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Soc Sci Res. 2012 Mar;41(2):425-43. Epub 2011 Nov 4.

Have children adapted to their mothers working, or was adaptation unnecessary? Cohort effects and the relationship between maternal employment and child well-being.

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Department of Sociology, Queens University of Charlotte, 1900 Selwyn Ave., Charlotte, NC 28274, United States.

Abstract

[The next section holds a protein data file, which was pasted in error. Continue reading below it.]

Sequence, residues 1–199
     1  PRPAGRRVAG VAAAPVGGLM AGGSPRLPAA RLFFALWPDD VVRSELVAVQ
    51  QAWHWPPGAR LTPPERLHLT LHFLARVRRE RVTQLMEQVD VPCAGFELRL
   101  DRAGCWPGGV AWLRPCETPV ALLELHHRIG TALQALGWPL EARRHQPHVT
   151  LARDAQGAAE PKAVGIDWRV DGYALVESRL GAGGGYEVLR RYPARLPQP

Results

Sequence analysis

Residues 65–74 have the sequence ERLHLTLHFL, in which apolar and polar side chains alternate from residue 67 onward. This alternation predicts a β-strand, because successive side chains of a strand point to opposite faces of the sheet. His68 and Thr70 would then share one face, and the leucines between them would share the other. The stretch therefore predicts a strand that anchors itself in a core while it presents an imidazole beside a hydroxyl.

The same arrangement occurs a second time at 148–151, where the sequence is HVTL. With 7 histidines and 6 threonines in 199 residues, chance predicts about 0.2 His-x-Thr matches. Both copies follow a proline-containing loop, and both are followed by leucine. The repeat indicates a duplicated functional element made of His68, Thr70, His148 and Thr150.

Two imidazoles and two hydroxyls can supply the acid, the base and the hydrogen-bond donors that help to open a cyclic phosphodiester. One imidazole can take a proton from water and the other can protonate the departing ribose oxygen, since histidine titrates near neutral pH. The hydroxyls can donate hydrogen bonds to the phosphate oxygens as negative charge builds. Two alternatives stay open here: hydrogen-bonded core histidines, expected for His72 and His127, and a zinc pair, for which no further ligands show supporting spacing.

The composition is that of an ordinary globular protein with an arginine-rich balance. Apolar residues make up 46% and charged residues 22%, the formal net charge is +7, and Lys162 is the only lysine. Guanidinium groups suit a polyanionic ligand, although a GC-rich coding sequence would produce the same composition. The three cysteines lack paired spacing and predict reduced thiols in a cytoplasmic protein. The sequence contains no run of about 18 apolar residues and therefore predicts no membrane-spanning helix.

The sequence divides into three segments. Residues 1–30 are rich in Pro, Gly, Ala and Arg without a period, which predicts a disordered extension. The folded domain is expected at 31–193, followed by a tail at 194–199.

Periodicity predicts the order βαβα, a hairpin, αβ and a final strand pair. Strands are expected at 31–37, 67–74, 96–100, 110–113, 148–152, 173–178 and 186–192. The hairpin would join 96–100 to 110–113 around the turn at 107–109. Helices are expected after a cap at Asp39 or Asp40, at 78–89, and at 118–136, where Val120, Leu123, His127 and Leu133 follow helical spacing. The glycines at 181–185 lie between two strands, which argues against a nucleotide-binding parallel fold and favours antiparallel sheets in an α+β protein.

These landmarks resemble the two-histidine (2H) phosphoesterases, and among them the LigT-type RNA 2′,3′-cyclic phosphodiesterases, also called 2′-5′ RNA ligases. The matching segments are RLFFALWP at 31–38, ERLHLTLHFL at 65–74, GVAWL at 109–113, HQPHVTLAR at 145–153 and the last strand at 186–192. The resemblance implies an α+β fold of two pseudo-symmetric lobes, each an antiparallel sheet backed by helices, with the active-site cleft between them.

Drawing on previous theoretical and empirical work, we posit that maternal employment influences on child well-being vary across birth cohorts. We investigate this possibility by analyzing longitudinal data from a sample of children and their mothers drawn from the National Longitudinal Survey of Youth. We introduce a series of age, cohort, and maternal employment interaction terms into multilevel models predicting child well-being to assess whether any potential short-term or long-term effects of early and current maternal employment vary across birth cohorts. Results indicate that maternal employment largely is inconsequential to child well-being regardless of birth cohort, with a few exceptions. For instance, children born in earlier cohorts may have experienced long-term positive effects of having an employed mother; however, as maternal employment became more commonplace in recent cohorts, these beneficial effects appear to have disappeared. We discuss theoretical and methodological implications of these findings.

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